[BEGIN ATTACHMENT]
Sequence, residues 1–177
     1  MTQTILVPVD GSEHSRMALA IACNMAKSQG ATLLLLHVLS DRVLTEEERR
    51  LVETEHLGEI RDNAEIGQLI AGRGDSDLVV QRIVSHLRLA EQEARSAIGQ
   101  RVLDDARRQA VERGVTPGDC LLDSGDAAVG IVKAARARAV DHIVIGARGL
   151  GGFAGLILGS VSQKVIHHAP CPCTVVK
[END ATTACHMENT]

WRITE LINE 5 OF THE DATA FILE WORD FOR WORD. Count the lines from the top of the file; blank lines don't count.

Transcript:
   151  GGFAGLILGS VSQKVIHHAP CPCTVVK